He said India’s relentless campaign of repression against Kashmiris had continued to grow in scale and intensity. In pursuit of this heinous goal, New Delhi has ramped up its military deployments in occupied Jammu and Kashmir to 900,000 troops, thus making it the most militarized zone in the world.

“The serial brutalization of Kashmiris takes many forms: extrajudicial killings, incarceration, custodial torture and death, indiscriminate use of force, deliberate targeting of Kashmiri youth with pellet guns, and ‘collective punishments’ imposed on entire communities,” the prime minister told the General Assembly.

Prime Minister Shehbaz said India was seeking to turn the Muslim-majority Jammu and Kashmir into a Hindu-majority territory, through illegal demographic changes.

“Millions of fake “domicile certificates” have been issued to non-Kashmiris; Kashmiri land and properties are being seized; electoral districts have been gerrymandered; and over 2.5 million non-Kashmiri illegal voters fraudulently registered. All this is in blatant violation of Security Council resolutions and international law, particularly the 4th Geneva Convention,” he told the 193-member world body.

He said Pakistani people have always stood by their Kashmiri brothers and sisters in complete solidarity, and would continue to do so until their right to self-determination is fully realized in accordance with the relevant UN Security Council resolutions.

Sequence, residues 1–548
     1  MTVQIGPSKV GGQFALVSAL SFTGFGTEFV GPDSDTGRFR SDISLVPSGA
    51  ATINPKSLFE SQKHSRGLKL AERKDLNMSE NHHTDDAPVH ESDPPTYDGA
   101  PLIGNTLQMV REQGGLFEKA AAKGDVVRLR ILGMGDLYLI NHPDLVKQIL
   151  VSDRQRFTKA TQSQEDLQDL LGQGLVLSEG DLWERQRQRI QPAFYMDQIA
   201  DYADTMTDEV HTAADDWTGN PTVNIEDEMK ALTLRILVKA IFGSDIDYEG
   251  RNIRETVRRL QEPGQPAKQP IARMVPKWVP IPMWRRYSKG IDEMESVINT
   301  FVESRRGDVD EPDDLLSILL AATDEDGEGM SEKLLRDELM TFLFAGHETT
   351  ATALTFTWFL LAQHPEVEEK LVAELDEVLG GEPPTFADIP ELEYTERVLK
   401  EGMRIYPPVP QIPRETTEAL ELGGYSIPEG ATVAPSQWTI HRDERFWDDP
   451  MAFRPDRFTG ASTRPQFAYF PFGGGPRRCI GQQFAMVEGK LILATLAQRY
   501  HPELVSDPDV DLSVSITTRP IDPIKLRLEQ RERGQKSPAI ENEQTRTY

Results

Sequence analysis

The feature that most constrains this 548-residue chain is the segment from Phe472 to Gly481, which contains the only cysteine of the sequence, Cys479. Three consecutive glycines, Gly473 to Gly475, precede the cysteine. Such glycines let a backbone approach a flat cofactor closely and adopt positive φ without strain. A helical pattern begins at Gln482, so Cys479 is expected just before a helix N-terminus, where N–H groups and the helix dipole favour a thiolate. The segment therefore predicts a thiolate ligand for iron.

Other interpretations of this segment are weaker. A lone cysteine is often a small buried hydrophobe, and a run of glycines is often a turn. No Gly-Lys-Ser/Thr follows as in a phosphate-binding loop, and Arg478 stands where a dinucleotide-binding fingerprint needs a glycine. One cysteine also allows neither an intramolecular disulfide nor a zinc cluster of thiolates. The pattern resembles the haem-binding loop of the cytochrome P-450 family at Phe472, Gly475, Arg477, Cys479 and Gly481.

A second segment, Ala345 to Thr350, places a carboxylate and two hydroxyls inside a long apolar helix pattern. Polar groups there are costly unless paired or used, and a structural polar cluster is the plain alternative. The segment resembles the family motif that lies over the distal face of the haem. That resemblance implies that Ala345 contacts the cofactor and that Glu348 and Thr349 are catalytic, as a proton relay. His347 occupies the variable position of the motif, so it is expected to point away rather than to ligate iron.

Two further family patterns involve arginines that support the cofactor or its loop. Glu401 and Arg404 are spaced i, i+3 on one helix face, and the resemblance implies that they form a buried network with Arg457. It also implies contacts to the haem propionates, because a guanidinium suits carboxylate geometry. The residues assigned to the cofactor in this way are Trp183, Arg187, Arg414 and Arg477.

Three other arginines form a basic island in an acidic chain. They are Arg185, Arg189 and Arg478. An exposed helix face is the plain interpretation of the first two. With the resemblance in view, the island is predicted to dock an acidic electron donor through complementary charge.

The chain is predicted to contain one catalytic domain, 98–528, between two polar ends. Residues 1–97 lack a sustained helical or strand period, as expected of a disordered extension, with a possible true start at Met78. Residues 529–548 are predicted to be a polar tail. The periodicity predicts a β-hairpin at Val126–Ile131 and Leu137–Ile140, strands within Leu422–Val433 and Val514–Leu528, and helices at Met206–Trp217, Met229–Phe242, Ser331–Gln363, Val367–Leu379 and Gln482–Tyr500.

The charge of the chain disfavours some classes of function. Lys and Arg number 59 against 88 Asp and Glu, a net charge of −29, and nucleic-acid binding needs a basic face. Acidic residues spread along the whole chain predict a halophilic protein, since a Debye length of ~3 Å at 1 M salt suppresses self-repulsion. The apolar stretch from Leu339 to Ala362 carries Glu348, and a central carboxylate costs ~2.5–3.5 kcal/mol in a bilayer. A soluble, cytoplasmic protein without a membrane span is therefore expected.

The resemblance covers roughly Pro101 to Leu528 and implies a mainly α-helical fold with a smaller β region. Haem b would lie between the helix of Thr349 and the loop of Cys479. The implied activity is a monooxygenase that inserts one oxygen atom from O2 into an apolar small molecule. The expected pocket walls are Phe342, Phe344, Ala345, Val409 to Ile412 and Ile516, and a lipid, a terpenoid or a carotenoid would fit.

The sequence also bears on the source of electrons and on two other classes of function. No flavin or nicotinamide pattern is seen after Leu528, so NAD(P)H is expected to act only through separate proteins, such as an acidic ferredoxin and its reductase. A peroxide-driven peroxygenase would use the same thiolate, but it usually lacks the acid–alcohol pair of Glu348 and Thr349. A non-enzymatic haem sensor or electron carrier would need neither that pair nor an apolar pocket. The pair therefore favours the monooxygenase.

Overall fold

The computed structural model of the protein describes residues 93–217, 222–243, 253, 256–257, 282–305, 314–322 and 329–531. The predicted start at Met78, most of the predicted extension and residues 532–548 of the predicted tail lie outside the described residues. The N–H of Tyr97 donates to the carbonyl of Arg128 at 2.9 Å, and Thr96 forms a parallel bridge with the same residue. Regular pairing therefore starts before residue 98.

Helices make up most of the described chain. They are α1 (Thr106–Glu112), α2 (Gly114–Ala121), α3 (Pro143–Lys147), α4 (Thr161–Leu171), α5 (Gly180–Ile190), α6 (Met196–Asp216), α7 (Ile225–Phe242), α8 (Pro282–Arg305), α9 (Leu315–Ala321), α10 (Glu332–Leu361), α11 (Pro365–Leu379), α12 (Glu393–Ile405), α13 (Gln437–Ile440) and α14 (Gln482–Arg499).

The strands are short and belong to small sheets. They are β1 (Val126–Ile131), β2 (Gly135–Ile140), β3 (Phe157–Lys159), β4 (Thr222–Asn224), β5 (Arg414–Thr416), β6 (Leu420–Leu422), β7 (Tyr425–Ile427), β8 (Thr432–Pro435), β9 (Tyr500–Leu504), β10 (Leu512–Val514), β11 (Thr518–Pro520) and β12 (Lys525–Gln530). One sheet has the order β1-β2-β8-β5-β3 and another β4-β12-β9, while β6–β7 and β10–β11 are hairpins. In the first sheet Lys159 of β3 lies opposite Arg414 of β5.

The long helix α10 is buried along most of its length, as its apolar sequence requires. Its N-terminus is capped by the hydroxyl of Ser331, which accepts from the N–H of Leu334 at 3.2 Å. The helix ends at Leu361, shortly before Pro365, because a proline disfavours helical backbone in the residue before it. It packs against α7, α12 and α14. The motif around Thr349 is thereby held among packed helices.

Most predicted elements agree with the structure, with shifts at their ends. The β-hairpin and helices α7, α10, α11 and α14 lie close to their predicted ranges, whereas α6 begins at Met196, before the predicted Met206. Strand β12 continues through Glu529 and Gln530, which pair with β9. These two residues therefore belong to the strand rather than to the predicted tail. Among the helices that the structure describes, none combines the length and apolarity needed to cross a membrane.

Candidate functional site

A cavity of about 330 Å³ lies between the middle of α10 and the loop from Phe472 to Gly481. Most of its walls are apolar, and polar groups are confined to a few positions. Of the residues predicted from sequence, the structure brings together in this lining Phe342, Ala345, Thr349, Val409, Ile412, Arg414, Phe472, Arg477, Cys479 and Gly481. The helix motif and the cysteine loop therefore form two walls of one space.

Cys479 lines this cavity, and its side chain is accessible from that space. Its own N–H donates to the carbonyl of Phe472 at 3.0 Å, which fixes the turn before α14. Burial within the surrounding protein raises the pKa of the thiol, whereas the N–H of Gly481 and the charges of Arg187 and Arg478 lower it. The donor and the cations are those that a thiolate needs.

The prime minister assured the world that Pakistan remained consistent in its commitment to peace in South Asia.

“India must take credible steps to create enabling environment for constructive engagement. It should demonstrate its sincerity and willingness, to walk the path of peace and dialogue by reversing its illegal steps of 15 August 2019, and ending forth-with, the process of demographic change,” he remarked and expressed the hope that the UNGA and Secretary-General would play their rightful role in urging India to implement the long pending UN resolutions.

Afghanistan

Coming to the situation in Afghanistan, the prime minister said that 30 million Afghans were left without a functional economy and banking system that allowed ordinary Afghans to make a living to be able to build a better future.

He said Pakistan would like to see an “Afghanistan which is at peace with itself and the world, and which respects and nurtures all its citizens, without regard to gender, ethnicity and religion.”